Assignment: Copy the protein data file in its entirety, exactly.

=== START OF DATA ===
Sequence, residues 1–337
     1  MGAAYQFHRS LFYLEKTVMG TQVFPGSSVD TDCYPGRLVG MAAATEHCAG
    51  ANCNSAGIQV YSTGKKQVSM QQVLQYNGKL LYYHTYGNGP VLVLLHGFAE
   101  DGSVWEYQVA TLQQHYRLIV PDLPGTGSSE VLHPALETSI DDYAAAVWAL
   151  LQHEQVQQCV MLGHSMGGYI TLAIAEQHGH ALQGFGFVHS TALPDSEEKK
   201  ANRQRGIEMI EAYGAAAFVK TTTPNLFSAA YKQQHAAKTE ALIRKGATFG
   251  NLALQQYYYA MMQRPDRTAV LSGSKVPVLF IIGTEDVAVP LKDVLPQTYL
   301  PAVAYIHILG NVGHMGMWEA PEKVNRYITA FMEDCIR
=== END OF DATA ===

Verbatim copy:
Sequence, residues 1–337
     1  MGAAYQFHRS LFYLEKTVMG TQVFPGSSVD TDCYPGRLVG MAAATEHCAG
    51  ANCNSAGIQV YSTGKKQVSM QQVLQYNGKL LYYHTYGNGP VLVLLHGFAE
   101  DGSVWEYQVA TLQQHYRLIV PDLPGTGSSE VLHPALETSI DDYAAAVWAL
   151  LQHEQVQQCV MLGHSMGGYI TLAIAEQHGH ALQGFGFVHS TALPDSEEKK
   201  ANRQRGIEMI EAYGAAAFVK TTTPNLFSAA YKQQHAAKTE ALIRKGATFG
   251  NLALQQYYYA MMQRPDRTAV LSGSKVPVLF IIGTEDVAVP LKDVLPQTYL
   301  PAVAYIHILG NVGHMGMWEA PEKVNRYITA FMEDCIR